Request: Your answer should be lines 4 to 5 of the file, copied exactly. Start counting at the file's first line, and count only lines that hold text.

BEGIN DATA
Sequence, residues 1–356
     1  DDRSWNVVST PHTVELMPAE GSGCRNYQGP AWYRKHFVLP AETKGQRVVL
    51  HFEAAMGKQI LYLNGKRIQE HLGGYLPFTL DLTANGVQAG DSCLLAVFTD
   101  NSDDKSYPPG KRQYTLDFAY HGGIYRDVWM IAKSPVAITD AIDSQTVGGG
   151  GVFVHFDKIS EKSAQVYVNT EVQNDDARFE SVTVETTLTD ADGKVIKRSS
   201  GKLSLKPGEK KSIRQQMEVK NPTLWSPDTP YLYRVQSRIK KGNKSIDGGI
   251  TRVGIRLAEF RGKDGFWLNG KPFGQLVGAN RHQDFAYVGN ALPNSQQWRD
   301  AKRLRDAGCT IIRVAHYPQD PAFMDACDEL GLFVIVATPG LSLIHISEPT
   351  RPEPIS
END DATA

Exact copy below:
   101  NSDDKSYPPG KRQYTLDFAY HGGIYRDVWM IAKSPVAITD AIDSQTVGGG
   151  GVFVHFDKIS EKSAQVYVNT EVQNDDARFE SVTVETTLTD ADGKVIKRSS